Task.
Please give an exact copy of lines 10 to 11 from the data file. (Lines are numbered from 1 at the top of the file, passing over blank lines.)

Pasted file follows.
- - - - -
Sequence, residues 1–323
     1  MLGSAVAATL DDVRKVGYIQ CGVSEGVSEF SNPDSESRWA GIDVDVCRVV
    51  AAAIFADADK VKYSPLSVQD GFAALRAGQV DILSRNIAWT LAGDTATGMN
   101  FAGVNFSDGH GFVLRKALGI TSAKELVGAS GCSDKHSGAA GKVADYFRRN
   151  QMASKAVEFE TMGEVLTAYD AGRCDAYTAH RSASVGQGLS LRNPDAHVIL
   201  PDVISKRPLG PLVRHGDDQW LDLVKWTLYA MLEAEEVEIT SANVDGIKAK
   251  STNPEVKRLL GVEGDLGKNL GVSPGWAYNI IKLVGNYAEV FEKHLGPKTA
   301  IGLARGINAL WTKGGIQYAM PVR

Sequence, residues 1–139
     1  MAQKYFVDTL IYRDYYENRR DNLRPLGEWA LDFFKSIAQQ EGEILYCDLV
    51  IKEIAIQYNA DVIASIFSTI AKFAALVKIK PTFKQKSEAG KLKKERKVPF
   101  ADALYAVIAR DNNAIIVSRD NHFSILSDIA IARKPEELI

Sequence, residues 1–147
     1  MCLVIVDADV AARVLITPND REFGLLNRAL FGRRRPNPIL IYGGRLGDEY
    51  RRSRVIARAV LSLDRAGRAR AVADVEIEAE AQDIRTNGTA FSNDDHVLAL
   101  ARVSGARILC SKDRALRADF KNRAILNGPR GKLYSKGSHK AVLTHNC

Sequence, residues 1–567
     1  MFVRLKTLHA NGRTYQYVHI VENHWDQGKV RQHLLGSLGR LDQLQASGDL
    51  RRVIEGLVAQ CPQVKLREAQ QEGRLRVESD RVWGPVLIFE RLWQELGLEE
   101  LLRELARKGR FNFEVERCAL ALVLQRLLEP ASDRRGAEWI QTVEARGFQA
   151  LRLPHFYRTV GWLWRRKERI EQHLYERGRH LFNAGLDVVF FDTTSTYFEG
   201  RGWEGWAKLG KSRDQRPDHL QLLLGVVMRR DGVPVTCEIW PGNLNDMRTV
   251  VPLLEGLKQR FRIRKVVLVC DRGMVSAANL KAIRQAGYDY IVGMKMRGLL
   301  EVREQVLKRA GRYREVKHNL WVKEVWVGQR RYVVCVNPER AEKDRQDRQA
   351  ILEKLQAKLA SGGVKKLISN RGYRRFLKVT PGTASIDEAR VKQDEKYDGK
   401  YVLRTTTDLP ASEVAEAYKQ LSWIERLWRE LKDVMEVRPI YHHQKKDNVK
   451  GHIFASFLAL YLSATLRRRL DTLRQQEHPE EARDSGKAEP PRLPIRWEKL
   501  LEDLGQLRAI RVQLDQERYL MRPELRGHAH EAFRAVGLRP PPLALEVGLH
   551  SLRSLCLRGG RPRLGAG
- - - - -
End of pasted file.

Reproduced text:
     1  MAQKYFVDTL IYRDYYENRR DNLRPLGEWA LDFFKSIAQQ EGEILYCDLV
    51  IKEIAIQYNA DVIASIFSTI AKFAALVKIK PTFKQKSEAG KLKKERKVPF